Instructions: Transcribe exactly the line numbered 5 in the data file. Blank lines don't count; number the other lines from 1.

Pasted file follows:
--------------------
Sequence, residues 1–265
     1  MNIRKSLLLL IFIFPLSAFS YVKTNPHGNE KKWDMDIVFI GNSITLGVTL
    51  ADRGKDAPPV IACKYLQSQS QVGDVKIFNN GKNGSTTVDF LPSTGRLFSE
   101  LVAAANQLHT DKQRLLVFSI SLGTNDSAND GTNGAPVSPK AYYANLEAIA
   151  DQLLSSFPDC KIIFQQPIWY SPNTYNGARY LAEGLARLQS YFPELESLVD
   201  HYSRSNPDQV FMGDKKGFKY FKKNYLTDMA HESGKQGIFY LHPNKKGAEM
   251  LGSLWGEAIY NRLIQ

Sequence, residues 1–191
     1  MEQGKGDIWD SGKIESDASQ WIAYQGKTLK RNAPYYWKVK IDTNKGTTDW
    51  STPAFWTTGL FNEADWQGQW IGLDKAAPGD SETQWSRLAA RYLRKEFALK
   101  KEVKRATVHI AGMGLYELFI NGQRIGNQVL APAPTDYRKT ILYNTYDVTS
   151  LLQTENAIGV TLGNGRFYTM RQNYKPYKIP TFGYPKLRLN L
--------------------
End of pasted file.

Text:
   151  DQLLSSFPDC KIIFQQPIWY SPNTYNGARY LAEGLARLQS YFPELESLVD